I recently started some work experience with the Association of British Science Writers. As such, I appear in an article from the latest European Union of Science Journalists Association (EUSJA) newsletter (PDF). It’s on page 10, but I’ve also reproduced the text here:
WHAT? MORE YOUNG SCIENCE JOURNALISTS?
A popular option in the UK for students who complete a science degree is to look to science communication courses. Over the past six years there has been a growth in the number of universities offering MSc courses in science communication. Supporters say it gives young wannabe journalists a good start, critics say there are already too many freelancers on the market looking for work and not enough jobs to go around for existing hacks.
At the ABSW (Association of British Science Writers) so great was the demand for information about science journalism that we have started a new category of membership – student – and run a series of training workshops and briefings. A mentoring programme is now being investigated.
One of our newest members is 22 years old Jacob Aron, a maths graduate from Bristol. He is now enrolled on to a year long science communication course at Imperial College. Over now to Jacob to tell us why he decided on the course and what he hopes for the future:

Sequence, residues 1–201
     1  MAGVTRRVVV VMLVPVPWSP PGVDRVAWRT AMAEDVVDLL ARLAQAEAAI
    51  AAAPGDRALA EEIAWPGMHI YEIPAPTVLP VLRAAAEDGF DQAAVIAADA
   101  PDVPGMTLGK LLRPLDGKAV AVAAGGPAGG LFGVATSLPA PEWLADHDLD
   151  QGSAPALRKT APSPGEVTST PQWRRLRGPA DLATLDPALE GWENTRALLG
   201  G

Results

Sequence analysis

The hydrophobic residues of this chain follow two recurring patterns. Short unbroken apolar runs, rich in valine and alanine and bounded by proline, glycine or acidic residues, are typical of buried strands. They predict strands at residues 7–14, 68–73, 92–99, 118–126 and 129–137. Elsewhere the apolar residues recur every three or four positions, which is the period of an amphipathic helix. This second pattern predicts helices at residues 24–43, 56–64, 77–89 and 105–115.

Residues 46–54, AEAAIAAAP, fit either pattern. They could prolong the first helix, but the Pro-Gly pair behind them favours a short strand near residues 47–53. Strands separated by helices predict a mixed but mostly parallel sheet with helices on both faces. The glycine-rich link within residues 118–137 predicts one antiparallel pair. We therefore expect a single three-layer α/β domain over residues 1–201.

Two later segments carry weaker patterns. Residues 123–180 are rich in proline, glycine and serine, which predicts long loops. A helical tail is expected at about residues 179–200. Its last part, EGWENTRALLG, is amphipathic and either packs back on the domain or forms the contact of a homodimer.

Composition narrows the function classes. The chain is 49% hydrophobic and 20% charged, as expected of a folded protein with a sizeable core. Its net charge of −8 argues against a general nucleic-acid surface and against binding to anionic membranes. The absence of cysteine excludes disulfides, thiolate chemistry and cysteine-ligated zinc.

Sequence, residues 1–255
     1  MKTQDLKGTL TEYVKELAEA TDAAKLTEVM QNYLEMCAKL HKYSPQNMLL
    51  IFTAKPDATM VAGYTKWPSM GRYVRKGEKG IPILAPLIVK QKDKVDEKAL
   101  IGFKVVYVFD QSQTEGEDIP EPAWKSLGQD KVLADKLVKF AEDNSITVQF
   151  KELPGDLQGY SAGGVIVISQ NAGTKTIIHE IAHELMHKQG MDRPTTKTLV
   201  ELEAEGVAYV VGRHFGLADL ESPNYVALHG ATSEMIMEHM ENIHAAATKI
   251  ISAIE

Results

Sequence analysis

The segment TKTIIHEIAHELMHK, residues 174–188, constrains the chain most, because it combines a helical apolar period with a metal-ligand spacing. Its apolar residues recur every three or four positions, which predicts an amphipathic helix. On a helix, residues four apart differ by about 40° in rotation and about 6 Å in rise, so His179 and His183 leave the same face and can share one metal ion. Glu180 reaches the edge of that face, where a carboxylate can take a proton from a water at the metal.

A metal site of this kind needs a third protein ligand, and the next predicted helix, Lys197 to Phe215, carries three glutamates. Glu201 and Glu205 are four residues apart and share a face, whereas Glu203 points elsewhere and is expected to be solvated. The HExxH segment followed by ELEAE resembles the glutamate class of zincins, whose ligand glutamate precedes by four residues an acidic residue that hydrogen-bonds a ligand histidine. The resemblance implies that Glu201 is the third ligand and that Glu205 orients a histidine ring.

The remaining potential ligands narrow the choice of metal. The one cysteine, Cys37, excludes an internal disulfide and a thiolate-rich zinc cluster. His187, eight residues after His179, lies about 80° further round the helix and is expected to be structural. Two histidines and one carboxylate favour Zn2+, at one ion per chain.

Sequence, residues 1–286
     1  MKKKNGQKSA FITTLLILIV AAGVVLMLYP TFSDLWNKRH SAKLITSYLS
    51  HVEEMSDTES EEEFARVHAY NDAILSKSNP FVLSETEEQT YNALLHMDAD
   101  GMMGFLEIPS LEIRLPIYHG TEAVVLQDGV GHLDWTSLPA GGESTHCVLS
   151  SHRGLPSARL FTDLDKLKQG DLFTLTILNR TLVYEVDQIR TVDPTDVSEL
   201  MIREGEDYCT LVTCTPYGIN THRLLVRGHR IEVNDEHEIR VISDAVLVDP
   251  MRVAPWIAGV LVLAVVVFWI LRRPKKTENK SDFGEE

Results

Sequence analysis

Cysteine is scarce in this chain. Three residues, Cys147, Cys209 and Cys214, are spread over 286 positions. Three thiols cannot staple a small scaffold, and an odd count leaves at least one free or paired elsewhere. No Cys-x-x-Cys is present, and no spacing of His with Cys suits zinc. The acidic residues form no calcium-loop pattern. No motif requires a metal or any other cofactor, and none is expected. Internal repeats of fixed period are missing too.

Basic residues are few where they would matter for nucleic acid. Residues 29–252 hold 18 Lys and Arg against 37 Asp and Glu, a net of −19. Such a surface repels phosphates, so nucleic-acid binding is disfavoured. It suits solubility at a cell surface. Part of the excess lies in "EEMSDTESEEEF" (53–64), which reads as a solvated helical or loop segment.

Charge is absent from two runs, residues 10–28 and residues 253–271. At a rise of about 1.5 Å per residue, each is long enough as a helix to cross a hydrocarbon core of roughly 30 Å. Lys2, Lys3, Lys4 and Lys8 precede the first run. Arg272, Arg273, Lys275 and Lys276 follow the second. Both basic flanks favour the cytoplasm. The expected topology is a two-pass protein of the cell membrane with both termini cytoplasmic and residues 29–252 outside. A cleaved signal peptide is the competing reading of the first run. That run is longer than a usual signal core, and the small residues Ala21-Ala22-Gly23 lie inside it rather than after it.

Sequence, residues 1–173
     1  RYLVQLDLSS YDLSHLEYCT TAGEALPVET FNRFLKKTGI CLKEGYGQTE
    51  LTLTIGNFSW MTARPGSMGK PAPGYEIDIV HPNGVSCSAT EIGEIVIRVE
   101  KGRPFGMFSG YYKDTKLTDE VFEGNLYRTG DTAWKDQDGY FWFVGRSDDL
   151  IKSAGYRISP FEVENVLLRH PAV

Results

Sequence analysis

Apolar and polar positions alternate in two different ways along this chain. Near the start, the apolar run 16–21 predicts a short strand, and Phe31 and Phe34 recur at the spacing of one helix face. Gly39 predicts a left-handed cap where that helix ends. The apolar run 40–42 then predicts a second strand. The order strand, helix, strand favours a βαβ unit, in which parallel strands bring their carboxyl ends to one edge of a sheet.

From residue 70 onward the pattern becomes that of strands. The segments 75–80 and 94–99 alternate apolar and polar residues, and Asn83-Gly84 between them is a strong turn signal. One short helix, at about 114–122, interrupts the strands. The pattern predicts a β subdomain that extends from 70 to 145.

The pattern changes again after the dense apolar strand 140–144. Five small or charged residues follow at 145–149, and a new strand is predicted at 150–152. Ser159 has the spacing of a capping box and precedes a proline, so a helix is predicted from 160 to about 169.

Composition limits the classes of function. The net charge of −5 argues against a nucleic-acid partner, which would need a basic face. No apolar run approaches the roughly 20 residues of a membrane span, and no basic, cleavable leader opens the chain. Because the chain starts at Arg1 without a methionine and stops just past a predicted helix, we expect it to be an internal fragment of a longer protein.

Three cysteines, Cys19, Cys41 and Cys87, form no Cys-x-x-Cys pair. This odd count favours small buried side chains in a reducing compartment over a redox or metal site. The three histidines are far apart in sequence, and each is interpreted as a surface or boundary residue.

“Although I studied maths at university I have always enjoyed writing in my spare time, so when I found the science communication MSc at Imperial it seemed like the perfect career for me. The course is set up to allow an overview of science communication; not just straight journalism, but also PR, museum curating, and even science fiction. As I’m still working out what are I want to move into, this broad approach was more appealing to me than the sister MSc (science media production) which is more broadcast focused.
“Going in to the course, I was concerned about the availability of jobs, especially considering I would be in direct competition with my forty-odd classmates once graduating. My fears were quickly put to rest however, as Imperial say that 60% of graduates end up in directly related science communication jobs, whilst 80 to 90% in total find work in PR and related areas.
“Without studying science communication, I’d be hard pressed to land any of these jobs. Looking at my CV an employee sees a maths degree and a stint working in a bank; not traditionally the makings of a good writer. The MSc is helping me to hone my skills and experience working in a range of media. Hopefully, I’ll be able to find a job come this October – and it’s not like the banks are recruiting these days anyway!”